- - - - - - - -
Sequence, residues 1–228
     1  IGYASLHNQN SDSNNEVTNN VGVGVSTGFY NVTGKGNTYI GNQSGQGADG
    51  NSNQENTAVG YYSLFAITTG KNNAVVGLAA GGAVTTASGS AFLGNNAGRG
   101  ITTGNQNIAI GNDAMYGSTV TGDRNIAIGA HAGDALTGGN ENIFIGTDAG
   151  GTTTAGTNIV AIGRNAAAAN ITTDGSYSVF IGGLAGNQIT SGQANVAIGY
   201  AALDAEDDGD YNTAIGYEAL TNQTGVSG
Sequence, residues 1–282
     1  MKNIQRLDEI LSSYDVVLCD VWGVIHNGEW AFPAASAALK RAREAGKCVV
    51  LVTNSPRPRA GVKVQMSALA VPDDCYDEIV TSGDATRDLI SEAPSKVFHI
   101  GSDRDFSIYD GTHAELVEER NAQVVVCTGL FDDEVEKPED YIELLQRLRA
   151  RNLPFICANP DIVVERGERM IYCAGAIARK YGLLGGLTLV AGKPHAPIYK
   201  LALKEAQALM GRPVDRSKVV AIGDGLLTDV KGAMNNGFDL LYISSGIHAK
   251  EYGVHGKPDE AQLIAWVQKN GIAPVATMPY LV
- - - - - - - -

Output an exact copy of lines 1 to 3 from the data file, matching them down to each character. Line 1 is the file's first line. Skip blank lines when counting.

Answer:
Sequence, residues 1–228
     1  IGYASLHNQN SDSNNEVTNN VGVGVSTGFY NVTGKGNTYI GNQSGQGADG
    51  NSNQENTAVG YYSLFAITTG KNNAVVGLAA GGAVTTASGS AFLGNNAGRG